I'm on the Jeremy Vine show at 12 today. (UPDATE AT 11.15: No I'm not - I've been replaced by Paul Krugman - I guess I can't complain)
The question is a simple one - should Europe bail out Spain?
The answer is equally simply - yes, of course it should.
The 'why not' position is Spanish banks and the Spanish people must pay the price for their folly. I am sure someone will be putting that point forward.
And, of course, they're wrong. Spain took part in a collective deceit that engulfed Europe and the OECD economies. Germany gained from it: the biggest foreign participants in Spain were probably people from the UK.
Banks everywhere, without exception, in the Eurozone, the UK, the US and beyond fuelled a property boom, over-leveraged, under capitalised, and have now collapsed. It had happened before - in the US Savings & Loan crisis, for example. Without change it will happen again.
The issue now is making a particular group pay for the collective failure of the system - which is what it was - is akin to the treatment of Germany at Versailles after the First World War. It so happened Germany lost that war: they price imposed was huge, irresponsible, and ultimately led to September 1939, almost inevitably.
We could impose an economic Armageddon now on Spain. But think what we'd be doing.
Spanish banks would fail.
The Euro would fail.
With Euro failure there would be a risk that quite literally the European economy would stall, completely. Cash would not flow. And within days food would not either. The we'd have complete social breakdown.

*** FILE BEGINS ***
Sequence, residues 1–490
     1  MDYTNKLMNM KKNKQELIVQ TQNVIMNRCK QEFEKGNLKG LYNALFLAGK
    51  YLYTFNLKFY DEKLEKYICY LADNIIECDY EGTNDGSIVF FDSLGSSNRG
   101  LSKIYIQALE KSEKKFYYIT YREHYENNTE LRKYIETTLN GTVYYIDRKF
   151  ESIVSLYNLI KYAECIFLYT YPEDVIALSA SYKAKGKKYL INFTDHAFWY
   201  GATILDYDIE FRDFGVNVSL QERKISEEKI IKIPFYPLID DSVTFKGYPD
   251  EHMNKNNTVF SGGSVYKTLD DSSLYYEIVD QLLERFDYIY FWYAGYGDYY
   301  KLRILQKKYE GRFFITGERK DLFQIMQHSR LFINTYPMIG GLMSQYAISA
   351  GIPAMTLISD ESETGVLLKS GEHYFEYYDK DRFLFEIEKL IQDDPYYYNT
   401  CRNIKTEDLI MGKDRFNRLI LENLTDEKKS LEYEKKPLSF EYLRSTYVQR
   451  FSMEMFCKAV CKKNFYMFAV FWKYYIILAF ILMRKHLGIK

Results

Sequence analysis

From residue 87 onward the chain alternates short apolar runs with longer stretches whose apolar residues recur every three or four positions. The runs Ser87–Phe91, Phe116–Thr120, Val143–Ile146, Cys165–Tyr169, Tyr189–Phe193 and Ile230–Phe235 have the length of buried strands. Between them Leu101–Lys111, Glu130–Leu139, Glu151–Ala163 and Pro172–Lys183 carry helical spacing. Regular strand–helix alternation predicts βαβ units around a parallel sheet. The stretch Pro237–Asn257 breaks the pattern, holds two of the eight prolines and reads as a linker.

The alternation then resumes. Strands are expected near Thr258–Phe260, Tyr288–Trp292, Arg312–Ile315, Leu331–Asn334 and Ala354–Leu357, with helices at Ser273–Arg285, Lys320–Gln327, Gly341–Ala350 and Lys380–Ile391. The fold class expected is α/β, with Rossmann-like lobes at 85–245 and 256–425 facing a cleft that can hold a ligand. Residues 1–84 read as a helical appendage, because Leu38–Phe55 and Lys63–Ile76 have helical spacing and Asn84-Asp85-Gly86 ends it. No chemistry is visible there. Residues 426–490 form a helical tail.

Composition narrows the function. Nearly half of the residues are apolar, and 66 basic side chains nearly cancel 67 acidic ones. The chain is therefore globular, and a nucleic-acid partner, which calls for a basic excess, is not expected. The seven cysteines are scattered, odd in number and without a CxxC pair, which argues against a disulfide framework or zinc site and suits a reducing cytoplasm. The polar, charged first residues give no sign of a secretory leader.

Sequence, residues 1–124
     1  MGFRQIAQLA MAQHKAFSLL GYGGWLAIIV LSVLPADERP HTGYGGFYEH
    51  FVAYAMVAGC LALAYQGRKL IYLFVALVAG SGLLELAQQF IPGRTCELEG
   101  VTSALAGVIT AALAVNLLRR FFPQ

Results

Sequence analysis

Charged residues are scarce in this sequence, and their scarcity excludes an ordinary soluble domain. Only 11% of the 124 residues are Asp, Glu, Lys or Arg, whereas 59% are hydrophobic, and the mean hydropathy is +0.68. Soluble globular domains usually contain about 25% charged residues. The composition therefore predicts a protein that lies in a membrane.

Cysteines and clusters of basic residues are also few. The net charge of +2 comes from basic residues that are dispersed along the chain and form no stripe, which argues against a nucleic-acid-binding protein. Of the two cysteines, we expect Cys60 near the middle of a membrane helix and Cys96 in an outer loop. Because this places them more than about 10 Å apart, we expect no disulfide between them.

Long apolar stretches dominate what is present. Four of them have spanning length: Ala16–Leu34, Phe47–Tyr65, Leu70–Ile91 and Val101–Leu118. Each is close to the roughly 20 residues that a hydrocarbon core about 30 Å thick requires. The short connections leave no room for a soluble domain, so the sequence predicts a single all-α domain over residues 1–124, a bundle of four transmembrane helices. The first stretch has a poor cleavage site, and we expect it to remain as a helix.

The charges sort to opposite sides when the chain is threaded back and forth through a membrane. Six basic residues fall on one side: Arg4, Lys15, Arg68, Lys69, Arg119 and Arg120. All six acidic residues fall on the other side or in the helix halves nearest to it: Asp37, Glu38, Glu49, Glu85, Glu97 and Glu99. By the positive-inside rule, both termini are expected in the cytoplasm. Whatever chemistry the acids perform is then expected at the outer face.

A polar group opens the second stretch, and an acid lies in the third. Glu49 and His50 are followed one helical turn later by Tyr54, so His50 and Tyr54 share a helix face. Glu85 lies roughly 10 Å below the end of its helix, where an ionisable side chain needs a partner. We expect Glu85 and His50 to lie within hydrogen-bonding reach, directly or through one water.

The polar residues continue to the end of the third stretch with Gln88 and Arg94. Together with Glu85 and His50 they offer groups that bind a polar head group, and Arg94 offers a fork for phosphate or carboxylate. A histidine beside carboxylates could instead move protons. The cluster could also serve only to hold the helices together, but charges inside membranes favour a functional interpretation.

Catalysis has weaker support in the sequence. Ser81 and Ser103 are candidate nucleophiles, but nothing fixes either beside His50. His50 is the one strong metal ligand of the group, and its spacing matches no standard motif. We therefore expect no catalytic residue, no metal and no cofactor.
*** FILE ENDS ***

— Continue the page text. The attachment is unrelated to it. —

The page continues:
If that could be averted by the massive printing of money in other states - something Germany would have to agree to - the cost would be bigger than bailing out failed banks in Spain, and Italy which will surely follow.
And if that could be averted on a pan European basis we'd still see social meltdown in Spain, fuelled by hunger, fear and hopelessness. That way leads totalitarianism in a state I can recall, all too readily, being a dictatorship.
And would we win anyway? No, of course not: Santander would collapse in the UK. The supposed saviour of UK High Street banks would need bailing out here. We'd be in Northern Rock territory very soon.
And that would tip us into depression.
So of course we bail out.
But equally we do so with conditions. Wipe out the shareholders this time: let's not pretend these are private banks anymore. And since this is being done to save other banks from contagion, let's be vigorous in our approach to banking regulation. The pretence that baking exists without state support is now over. Banks create money under licence from the state. The reality is that the state has to take control of that process back, now and for good.
There is only one answer for the future, and that is state controlled banks. They may be regional; we'd need more than one to encourage development. But let's stop pretending that banking can now be a private sector activity anymore. That's not possible.
If we are to save democracy, the nation state, people from starvation, chaos, despair and worse let's say it as it is: in the 21st century banking can only be a state run activity simply because only the state has the capital needed to support it.
That's what must come out of Spain. But we must support Spain to achieve that goal.